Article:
Irreversible Entanglements – S/T – LP
International Anthem Recording Company / Don Giovanni Records – 2018
Irreversible Entanglements don’t make music to vibe out to. They don’t craft “bops” that passively graze your eardrums as you study or read. No, the four spellbinding tracks of simmering desperation and channeled rage found on their stellar debut are best consumed with full attention on the musical proceedings.
Try as I might, there isn’t a better descriptor for this music than the words found on the insert that accompanies every new copy of this release: “Four relentless bouts of inspired fire music forged from the true spirit of free jazz, driven by searing poetic narrations of Black trauma, survival and power.”
Comprised of members from Philly, D.C. and New York, Irreversible Entanglements first formed as a trio in early 2015 to perform at a Musicians Against Police Brutality event organized after the death of Akai Gurley. Saxophonist Keir Neuringer, poet Camae Ayewa (Moor Mother) and bassist Luke Stewart added trumpeter Aquiles Navarro and drummer Tcheser Holmes months later for a single recording date in Brooklyn. This album, from that session, captured the first time the group performed as a quintet, an astonishing fact considering the raw power mined from this initial collaboration.
“Chicago to Texas” starts us off with a bare drum roll and a mournful trumpet call before Ayewa speaks, linking past and present within a narrative of systemic oppression and erasure.
“She said it took God 272 years to free the slaves, and she don’t mind waiting,” says Ayewa in a tone both grounded and bitter. “I tell her that waiting is a privilege, and the hands of a clock are not your hands but a system of hands choking you. Sometimes you can get lost in the rhythm of oppression, the way they beat it into you, carve trees in your back, choke you out, fetishize your flesh, the way they make you fight for every inch of grace”
Ayewa’s lyrics are bleak to say the least. With mentions of the dust bowl and the homestead act near grim mentions of lashings and lynchings, “Chicago to Texas” illuminates an American story relegated to the sidelines of the American Dream. These are glimpses from the trenches of oppression, a voice for the voiceless, an amalgam of decades of shared pain and perceived invisibility finding a powder keg in which to marinate. The band backs Ayewa beautifully, with the horns and drums not skipping a beat of intensity when she steps away from the mic.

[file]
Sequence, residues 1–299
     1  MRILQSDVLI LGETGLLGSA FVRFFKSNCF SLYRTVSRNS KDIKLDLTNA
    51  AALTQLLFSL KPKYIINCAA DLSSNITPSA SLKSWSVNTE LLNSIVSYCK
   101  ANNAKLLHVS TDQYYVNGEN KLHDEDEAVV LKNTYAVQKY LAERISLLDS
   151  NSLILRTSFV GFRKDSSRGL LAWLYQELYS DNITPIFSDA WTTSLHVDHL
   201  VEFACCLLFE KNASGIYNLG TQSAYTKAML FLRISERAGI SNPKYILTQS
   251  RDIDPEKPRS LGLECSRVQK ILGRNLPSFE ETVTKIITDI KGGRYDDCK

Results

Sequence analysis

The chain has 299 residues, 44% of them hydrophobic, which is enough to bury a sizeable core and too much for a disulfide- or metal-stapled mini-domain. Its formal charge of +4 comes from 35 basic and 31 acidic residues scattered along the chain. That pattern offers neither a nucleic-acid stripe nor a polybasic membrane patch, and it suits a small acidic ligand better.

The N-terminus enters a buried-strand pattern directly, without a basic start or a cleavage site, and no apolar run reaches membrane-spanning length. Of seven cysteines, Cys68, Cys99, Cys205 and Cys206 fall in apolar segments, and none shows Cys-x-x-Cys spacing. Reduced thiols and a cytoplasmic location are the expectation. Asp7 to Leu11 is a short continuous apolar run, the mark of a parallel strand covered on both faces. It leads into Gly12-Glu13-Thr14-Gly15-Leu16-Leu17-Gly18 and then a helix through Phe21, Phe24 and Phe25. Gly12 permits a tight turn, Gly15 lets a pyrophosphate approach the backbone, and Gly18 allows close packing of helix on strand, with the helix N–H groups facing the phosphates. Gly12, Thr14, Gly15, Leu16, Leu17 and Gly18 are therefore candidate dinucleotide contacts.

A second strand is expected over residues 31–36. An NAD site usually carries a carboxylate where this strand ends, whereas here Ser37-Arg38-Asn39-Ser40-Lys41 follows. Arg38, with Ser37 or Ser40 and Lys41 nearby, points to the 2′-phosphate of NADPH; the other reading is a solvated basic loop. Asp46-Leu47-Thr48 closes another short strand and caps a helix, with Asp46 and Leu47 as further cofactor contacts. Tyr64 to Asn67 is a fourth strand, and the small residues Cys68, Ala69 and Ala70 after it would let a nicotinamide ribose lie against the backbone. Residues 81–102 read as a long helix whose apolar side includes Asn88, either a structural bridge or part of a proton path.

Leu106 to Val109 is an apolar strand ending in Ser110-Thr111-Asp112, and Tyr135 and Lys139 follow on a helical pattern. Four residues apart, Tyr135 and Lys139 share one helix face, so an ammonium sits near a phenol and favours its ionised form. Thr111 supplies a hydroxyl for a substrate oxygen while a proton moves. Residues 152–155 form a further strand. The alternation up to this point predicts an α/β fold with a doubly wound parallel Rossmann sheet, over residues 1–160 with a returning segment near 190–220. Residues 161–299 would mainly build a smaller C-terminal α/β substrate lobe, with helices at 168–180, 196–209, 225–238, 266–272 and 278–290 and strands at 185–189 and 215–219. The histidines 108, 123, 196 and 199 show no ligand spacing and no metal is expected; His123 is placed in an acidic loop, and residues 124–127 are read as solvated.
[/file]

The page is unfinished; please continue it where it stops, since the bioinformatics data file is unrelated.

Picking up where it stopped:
The funky bass intro to “Fireworks,” given the band’s dynamics, feels akin to the Rage Against the Machine classic “Bullet in the Head.” The two groups may seem musically dissimilar, but Rage are the closest analogue to describe the feel of Irreversible Entanglements: go-for-broke musicality coupled with a fearlessness over confrontation. This album is far from a comfortable listen; however, music with this type of intensity and emotional force isn’t meant to go down smooth. It’s meant to shake you to your core, to make you think, to inspire empathy for those souls and stories woven into the poems Ayewa shares against a free-form jazz backdrop.
On side two, “Enough” awakens like a provoked hornets nest, buzzing with manic unison until Ayewa’s shrieks of “No!” build into an aggressive drum pattern. Drum rolls slide underneath fast-paced saxophone runs, some notes yelping, yearning to be heard. As the music fades to its end, you hear Ayewa whispering the names of Black men lost at the hands of police gun violence, finishing with a muttered series of “enough, enough, enough.”
Jazz may be seen by some nowadays as too academic, too heady, too obsessed with its own past to be relevant to modern times. Thankfully, artists like Irreversible Entanglements – and many of their roster mates on fabulous Chicago label International Anthem – show there are still artists channeling the form’s transgressive spirit.
This is the most important group in jazz right now. Yeah, I said it.
Words by Brandon Roos – 2018